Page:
Paragraph 17 of the MSA contains a severability clause (“Severability Clause”), which in relevant part provides:

Should a particular provision be held to be illegal or unenforceable in any jurisdiction, that provision shall be effective to the extent of such illegality or unenforceability, without invalidating the remaining provisions, and the provision at issue shall be restated to reflect the original intentions of the parties, to the greatest extent possible, and in accordance with the law. . . .[7]

         Turning to the undisputed facts relevant to Xat's equitable indemnification claim, Paragraph 9 of the MSA (“Paragraph 9.a”) provides, in relevant part:

[100TB agrees] to indemnify, defend and hold [Xat], [ Xat's] employees, directors and officers . . . from any and all third party actions, liability, damages, costs and expenses (including, but not limited to, those attorneys' fees and expenses charged to [100TB]) arising from, or relating to, personal injury or property damage resulting solely from our gross negligence or willful misconduct . . . .[8]

         The parties do not dispute that Xat has not been named as a defendant in a lawsuit or incurred costs defending any lawsuits against Xat as a result of the alleged unauthorized third-party access to Xat's servers.[9] At the same time, the parties do not dispute that, as a result of the alleged unauthorized third-party access to Xat's servers, Xat has been required by regulatory and policy authorities to produce certain information and incurred expenses in cooperating with the police and regulatory authorities.[10] The parties also do not dispute that Xat's claimed damages include costs associated with reporting the alleged unauthorized third-party access to the appropriate authorities.[11]

         Finally, the MSA provides a choice-of-law provision providing that the “MSA will be construed and controlled by the laws of the State of Utah.”[12]

         RELEVANT PROCEDURAL BACKGROUND

         On June 28, 2016, Xat filed the instant lawsuit asserting claims against 100TB for gross negligence, breach of the MSA, unjust enrichment, and equitable indemnification.[13] In response to Xat's complaint, 100TB filed a motion to dismiss pursuant to Rule 12(b)(1) and Rule 12(b)(6) of the Federal Rules of Civil Procedure.[14] The same day it filed its motion to dismiss, 100TB filed a notice of offer of judgment for $2715.95, which constitutes one month worth of fees paid by Xat to 100TB during the month prior to Plaintiff's complaint, consistent with Paragraph 11.[15] 100TB also filed a motion to deposit that amount in the court registry, [16] which the court granted.[17]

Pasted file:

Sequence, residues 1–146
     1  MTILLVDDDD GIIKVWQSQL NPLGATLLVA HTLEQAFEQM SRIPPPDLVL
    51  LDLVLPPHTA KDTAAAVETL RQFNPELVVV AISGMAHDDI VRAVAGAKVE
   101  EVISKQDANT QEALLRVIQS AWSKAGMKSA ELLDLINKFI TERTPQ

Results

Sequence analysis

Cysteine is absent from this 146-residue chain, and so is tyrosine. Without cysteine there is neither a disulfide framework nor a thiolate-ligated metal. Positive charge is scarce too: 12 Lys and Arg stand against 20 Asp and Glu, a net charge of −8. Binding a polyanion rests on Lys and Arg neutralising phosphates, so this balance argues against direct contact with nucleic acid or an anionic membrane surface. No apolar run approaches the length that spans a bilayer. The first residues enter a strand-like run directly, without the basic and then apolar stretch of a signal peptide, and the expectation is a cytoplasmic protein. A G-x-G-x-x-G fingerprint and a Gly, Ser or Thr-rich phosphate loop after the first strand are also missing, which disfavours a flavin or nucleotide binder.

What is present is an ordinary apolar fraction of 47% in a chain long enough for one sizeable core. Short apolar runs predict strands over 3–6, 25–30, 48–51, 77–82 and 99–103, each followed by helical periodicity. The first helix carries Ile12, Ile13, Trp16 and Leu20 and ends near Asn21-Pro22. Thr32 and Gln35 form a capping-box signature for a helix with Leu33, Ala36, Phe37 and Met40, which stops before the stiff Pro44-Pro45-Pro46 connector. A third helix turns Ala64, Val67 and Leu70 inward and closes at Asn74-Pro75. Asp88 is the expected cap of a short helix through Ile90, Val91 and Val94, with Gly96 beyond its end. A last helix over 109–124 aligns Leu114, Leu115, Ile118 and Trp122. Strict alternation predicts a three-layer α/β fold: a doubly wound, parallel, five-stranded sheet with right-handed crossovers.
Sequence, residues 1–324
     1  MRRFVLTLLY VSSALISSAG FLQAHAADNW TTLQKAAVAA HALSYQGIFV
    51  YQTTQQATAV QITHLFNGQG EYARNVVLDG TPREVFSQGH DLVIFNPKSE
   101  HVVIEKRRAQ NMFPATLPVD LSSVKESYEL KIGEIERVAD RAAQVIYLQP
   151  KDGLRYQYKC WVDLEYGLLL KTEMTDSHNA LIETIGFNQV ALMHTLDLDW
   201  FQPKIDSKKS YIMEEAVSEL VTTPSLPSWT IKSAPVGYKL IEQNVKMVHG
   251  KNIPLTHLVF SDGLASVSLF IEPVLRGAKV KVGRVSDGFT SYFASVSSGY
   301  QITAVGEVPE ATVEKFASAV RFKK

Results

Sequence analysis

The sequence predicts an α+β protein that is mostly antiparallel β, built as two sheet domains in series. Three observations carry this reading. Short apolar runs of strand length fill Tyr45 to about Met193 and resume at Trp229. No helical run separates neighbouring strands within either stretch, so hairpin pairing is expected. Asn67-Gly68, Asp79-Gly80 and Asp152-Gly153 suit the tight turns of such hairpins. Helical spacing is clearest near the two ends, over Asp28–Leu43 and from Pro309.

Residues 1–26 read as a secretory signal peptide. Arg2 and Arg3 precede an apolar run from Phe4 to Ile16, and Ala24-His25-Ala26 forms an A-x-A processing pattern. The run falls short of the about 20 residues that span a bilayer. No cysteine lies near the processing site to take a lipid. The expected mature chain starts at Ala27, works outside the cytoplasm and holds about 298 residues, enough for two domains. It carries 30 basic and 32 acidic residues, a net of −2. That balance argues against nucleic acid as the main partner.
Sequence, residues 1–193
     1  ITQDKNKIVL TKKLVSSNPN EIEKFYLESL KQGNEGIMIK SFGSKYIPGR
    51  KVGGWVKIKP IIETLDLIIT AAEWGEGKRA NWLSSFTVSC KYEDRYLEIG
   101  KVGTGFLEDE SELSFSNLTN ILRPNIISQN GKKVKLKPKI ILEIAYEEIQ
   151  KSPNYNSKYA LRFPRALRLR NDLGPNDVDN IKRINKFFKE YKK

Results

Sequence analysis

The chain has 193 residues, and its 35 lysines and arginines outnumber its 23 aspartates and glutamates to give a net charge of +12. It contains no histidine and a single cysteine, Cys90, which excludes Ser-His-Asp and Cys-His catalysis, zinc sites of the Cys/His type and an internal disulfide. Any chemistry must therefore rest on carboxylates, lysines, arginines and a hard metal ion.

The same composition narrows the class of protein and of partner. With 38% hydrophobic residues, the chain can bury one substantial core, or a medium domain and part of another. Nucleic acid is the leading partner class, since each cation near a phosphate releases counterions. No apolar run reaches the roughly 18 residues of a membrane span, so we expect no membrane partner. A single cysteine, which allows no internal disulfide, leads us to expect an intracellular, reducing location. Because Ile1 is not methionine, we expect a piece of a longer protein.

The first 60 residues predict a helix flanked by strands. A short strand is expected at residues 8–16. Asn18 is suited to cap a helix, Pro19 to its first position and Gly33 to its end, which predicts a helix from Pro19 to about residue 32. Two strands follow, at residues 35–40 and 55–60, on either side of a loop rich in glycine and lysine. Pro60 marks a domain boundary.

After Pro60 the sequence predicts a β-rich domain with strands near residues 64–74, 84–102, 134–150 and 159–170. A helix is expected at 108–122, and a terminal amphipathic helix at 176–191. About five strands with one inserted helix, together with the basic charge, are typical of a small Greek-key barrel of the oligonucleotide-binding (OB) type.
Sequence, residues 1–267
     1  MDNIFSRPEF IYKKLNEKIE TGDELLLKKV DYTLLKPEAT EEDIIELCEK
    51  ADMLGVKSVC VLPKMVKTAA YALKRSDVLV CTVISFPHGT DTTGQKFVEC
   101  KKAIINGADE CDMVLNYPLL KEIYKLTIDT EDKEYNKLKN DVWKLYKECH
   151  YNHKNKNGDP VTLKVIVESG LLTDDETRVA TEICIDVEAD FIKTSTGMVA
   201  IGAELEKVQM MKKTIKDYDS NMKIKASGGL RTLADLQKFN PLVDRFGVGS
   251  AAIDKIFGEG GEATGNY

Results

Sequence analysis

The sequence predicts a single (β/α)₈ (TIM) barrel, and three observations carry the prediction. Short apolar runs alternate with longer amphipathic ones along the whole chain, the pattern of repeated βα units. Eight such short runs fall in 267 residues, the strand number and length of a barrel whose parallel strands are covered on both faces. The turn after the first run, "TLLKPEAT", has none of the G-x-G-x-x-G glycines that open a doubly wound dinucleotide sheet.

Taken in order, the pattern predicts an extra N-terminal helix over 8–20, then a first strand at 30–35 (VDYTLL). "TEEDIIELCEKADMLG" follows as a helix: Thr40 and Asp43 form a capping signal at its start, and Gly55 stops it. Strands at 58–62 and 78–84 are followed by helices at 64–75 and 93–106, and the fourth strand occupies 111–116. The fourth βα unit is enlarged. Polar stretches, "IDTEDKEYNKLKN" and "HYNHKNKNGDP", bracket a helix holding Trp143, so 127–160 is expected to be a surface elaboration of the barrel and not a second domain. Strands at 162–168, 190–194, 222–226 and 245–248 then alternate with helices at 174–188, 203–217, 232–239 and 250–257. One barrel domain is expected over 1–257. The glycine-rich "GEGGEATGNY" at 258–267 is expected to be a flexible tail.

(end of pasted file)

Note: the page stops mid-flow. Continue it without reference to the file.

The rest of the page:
On February 2, 2017, the court issued a Memorandum Decision and Order (“Order”) granting in part and denying in part 100TB's motion to dismiss.[18] The court granted the motion with respect to Xat's gross negligence and unjust enrichment claims, but denied it with respect to Xat's claims for breach of contract and equitable indemnification.[19] While the court dismissed Xat's gross negligence tort claim, the court also made clear that “nothing in [the Order] would prevent Xat from seeking recovery for 100TB's alleged gross negligence in contract.”[20]

         In addressing Xat's breach of contract claim, the court concluded in the Order, with respect to Paragraph 11, that “[a]t best, it is ambiguous.”[21] The court further determined that Paragraph 11 “limits 100TB's liability to a ridiculously nominal sum” and that “[c]onceivably, limiting 100TB's liability to a trivial sum is just window dressing for eliminating liability altogether.”[22] Finally, the court concluded that “Paragraph 11 could be interpreted as a limitation of liability provision that allows 100TB to engage in grossly negligent or willful conduct while leaving Xat with nominal retribution” and noted that “[s]uch liability waivers are generally unenforceable.”[23]

         In considering Xat's equitable contribution claim, the court concluded that Paragraph 9.a “is broadly written to encompass indemnification for ‘any and all third party actions.'”[24] The court also determined that “[t]here is nothing in the MSA that excludes government ...